To Build (an SDK), or not to Build — that is the question!
If you are building a SaaS product, you most likely also provide an API for your product.
At some point, you will probably consider whether you should also provide your customers with an SDK for the API.
In this article, I will list the advantages of supporting SDKs and the challenges of developing them.
The most prominent argument for building SDKs is that SDKs deliver a better developer experience. A better developer experience means higher adoption and usage of the API the company is offering, which means increased usage of the product, which in turn contributes to growth.
The reasons that SDKs offer a better developer experience are:
- Without an SDK, the developers would have to develop by themselves the functions for calling the API. Such a task is perceived as lacking challenge and mundane by developers, and they would prefer to avoid it (although creating a high-quality SDK has its challenges). In addition, the SDK would have to be maintained to be up to date with the latest API changes and additions, and that’s something that clients would prefer to avoid.
- In many APIs, a single API call will not accomplish the operation that the developer intends to program — in some cases, more than one API call is required to perform an operation. For example, authentication token renewal — SDKs that are built correctly will be able to abstract this operation, and the token renewal could be done seamlessly, whereas if an SDK would not have been available, then the developer would have to develop a mechanism that can identify when the token has expired and trigger a renewal call before continuing to make the wanted API call.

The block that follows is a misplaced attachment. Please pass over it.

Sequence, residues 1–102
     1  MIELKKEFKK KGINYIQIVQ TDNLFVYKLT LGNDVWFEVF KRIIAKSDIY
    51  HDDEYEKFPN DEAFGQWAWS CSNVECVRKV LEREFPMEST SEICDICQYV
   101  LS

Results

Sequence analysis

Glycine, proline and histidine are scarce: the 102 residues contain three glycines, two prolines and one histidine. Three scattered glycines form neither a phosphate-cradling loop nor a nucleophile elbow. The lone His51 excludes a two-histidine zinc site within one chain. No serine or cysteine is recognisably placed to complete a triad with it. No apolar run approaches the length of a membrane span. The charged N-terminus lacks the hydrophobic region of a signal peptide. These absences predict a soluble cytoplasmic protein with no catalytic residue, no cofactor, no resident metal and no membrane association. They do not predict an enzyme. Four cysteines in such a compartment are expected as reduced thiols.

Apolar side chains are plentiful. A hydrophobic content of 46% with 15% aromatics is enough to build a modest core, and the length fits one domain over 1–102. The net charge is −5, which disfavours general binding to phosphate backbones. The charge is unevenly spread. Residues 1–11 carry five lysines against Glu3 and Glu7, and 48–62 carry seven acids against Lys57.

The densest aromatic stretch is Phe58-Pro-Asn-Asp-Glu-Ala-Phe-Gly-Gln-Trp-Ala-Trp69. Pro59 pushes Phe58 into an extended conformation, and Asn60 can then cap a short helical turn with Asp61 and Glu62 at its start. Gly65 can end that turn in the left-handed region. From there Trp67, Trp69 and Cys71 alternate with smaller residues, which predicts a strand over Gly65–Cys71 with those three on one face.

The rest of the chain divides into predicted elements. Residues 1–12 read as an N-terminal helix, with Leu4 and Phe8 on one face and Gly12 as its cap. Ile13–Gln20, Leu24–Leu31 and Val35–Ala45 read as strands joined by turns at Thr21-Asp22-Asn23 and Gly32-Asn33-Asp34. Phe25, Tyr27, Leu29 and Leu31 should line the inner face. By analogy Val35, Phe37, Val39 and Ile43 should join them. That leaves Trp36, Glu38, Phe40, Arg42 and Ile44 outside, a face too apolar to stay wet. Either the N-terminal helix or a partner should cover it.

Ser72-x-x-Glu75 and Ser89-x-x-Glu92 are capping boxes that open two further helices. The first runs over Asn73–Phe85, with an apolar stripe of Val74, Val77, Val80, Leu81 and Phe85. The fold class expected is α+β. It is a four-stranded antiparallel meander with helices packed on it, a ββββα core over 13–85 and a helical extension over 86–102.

- SDKs usually come with documentation that includes examples of how to make certain operations, and developers love examples on which they can rely. They say “a picture is worth a thousand words”; for developers, a single code example is worth a thousand words.
The more your customers use your product’s API for integration with their product, the more likely their satisfaction will increase if you provide them with an SDK, which will lead to more growth.
If your product comes with an API and you are thinking about starting to develop an SDK for your customers, then there are some challenges that you must be aware of.
- Initial creation and ramp-up time — For each of the languages that you plan to provide an SDK, keep in mind that you will have to build a CI/CD pipeline end-to-end, just as with any service or library that you are maintaining — that will take some time to build and get right: generating or writing the code, triggering tests, updating the documentation for each language and releasing the SDK.
- Ongoing maintenance and development — Maintaining SDKs will require more effort than you may imagine. As you release your SDKs and customer adoption of the SDK increases, customers will start reporting issues and bugs which you will have to handle. In addition, you will need to update the SDKs with every API change or enhancement. That’s quite a lot of effort. Just to give you some perspective, mid-sized startups (~100 employees) may have a team of 3–5 developers to maintain the SDKs. In Fortune 500 companies, you might find a group of 10–20 engineers dedicated to SDK development and maintenance. Therefore, you should regard the SDK as another product in the line of products that you are offering and allocate resources accordingly.